Carellin Brooks, Learned (Book*hug Press, 2022), 120 pp., $20.
“Don’t you ever want to disappear?” asks Carellin Brooks’ Learned, a collection of bildungsroman poems that explores the world of a girl-turned-woman living as a Rhodes Scholar in mid-90’s Oxford.
Learned’s story feels familiar to the world of queer lit: Girl attempts to escape her ghosts, girl discovers self in sexuality, girl is changed and finally free of that which haunts her. At the start of Learned we meet the speaker’s ghost: a semi-public history of childhood sexual abuse. This experience pursues the speaker throughout the rest of the narrative, colouring the edges of close relationships and influencing her need to purge herself of everything but pain before finally inhabiting the body sexual.
The speaker’s journey begins in her early twenties, unsure of herself in Montreal. Her transformation begins as she meets her two guides in Oxford: one, a stodgy mentor in an ivory tower, the other an “expressionless young man” who introduces her to safe BDSM play. Both men are described in their respective poems as having “Sandy hair and sketch face.” This provides a clue that these worlds will mirror each other as places of learning. Both guides can reveal the secrets of their respective knowledge to the speaker—if she is willing. Indeed, over her two years at Oxford she goes from considering herself “Neophyte, ingenue, first-timer” to a kink switch who wields the crop with ease.
Brooks turns the two worlds of the academic and sexual into point and counterpoint, playing with the themes of religiosity and ‘deviant’ sexuality in delightful ways. Bars and bathroom sex elicit Catholic ephemera, and erotic moments in dark booths give way to spiritual lightness. Here, even the quietest moments are charmingly bawdy. Brooks leans into them, pulling the reader into the sexual tension of the everyday. In ‘A Cup’ the speaker travels to London in the heat of summer where “[n]apped bus seats, bristles brushing back of bare thighs, sun shifting in window. Joined thighs sticky clasp,/skin to skin, pull, suck.” Across all these moments, Brooks word choice is consistently careful yet daring. It is a world decorated with “humped furniture” and otherwise innocent college ceremonies where even a hand shake involves “[s]lid…fingers against his fleshy mount.” Overall, the reader is left with a breathless sense of eroticism at every turn.
As a reader, my biggest struggle with the narrative wasn’t the craft, but the lack of kink aftercare; the speaker shares with us the intense parts of BDSM—the leather, the whips, the anonymous sex—but none of the sweetness or less sexy parts—gentle touch after a kink scene, necessary check-ins, or the growing intimacy between repeated play partners. Perhaps this omission is intentional, though it’s difficult to tell when not explicitly named. This lack of naming then gives the book an especially hard edge, even among other BDSM-themed titles.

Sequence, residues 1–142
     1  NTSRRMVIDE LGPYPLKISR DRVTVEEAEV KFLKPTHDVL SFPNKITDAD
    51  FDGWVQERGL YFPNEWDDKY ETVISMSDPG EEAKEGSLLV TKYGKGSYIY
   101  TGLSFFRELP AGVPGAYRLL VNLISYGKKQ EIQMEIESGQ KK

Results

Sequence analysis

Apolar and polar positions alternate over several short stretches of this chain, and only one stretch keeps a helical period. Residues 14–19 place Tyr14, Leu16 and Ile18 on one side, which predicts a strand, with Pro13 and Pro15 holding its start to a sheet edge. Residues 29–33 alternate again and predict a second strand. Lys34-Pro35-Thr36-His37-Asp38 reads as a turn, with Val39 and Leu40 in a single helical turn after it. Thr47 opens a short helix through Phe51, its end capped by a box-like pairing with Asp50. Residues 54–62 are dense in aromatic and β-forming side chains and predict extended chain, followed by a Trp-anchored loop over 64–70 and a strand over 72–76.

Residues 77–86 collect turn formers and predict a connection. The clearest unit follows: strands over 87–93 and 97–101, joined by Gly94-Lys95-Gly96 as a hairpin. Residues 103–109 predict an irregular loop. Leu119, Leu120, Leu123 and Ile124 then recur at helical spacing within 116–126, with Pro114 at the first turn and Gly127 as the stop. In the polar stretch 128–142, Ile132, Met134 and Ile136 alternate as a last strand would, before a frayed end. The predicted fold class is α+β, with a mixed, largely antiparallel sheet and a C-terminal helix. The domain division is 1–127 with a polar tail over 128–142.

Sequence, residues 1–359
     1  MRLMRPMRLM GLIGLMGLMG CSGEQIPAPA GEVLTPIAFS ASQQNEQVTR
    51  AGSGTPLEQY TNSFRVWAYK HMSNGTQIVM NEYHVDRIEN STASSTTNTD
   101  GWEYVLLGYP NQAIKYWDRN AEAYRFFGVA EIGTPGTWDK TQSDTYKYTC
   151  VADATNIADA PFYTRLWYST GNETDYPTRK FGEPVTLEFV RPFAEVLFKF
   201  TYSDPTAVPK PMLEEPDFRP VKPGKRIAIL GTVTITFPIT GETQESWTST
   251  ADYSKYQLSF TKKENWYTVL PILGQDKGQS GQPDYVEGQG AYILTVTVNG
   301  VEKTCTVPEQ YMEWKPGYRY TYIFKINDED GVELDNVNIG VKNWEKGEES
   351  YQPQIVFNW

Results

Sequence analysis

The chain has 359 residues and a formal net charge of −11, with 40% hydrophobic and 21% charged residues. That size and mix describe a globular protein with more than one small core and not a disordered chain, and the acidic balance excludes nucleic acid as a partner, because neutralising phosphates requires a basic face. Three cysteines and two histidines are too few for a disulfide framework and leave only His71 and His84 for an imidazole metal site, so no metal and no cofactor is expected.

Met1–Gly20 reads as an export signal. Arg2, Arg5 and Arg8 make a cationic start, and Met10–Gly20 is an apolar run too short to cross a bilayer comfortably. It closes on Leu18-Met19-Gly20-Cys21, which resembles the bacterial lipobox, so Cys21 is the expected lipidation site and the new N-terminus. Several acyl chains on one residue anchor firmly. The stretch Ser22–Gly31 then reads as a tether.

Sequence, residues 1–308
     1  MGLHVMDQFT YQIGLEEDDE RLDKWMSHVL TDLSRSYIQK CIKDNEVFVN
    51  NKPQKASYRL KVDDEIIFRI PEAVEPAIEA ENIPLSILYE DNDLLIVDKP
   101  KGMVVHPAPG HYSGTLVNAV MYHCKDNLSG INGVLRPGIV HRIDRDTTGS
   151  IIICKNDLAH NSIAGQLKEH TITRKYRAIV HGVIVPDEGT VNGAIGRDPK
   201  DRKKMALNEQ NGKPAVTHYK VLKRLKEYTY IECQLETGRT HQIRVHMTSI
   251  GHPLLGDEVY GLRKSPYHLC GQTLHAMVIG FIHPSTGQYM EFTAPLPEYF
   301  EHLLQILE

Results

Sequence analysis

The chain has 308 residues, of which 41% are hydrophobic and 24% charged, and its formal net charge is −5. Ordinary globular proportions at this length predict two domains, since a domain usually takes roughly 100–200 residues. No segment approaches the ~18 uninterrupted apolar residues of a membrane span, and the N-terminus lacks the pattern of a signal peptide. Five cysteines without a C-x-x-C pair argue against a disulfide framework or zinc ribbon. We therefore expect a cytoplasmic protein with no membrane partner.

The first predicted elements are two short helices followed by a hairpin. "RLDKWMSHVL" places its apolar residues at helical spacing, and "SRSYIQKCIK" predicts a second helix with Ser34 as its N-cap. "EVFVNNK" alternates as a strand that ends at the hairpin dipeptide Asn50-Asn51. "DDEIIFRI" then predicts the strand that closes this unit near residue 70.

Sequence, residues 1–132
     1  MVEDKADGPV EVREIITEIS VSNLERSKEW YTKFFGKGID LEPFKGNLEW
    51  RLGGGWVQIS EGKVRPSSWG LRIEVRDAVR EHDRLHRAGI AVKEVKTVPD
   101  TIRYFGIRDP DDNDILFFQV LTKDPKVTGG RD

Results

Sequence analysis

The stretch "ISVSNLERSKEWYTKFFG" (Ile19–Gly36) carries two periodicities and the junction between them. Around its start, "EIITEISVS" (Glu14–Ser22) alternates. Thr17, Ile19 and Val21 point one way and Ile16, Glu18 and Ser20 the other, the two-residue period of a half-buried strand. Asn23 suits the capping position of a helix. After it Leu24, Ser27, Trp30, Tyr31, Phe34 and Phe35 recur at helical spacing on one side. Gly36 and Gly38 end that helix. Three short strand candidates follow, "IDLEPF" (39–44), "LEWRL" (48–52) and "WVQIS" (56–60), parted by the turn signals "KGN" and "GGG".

After so much juxtaposition of Catholicism and sex, readers understand the spiritual link of sexual liberation. But then what? As such, there seems a lack of moral or ethical clarity on which to pin the plot. Is there any moral clarity to go with it? Is there any conception of the sexual possibilities lost? As a reader who went through my own strange queer awakening a decade after the speaker, I also naively wondered: Why is everyone so mean to her? Again, the details and omissions are telling—breasts are “impassively examined” with little negotiation of boundaries and a women at a bar assume how she “led a sheltered life” then gives no space to defend herself. As it is, I found myself desperately searching for any kindness at all, happy to find the soft moments with Ginger, a supportive and cheerful girlfriend who offers a momentary anchor amidst the speaker’s sexual awakening.
Finally, the ending leaves questions unrelated to the themes—twenty-five years later, the speaker walks along the streets of Vancouver and does wellness checks on houseless neighbours. As she does so she asks: “Can I save anyone,/least of all/myself?” With this moment, she turns drug users into a symbol for her own journey. Placed alongside Learned’s intensely humanizing intimacy, this poem felt like an abrupt shift. This final thought zooms out so far that the story loses its focus, costing the text some of its potential concluding punch.
Ultimately, though, Brooks weaves her story with meticulous attention to language—the speaker cracks open her world of BDSM for outsiders, baring herself emotionally and sexually for the reader to see, feel, and accept in totality. By the end, the story meets all the reader’s desires for a sexual, religious coming-of-age: the confession is complete, and the speaker may at last be forgiven for her sins.
Micah Killjoy was born and raised on coastal Salish land. They are a writer, editor, and BFA student at the University of British Columbia. They enjoy urban exploration, daydreaming, doggo walks, and hopepunk aesthetics.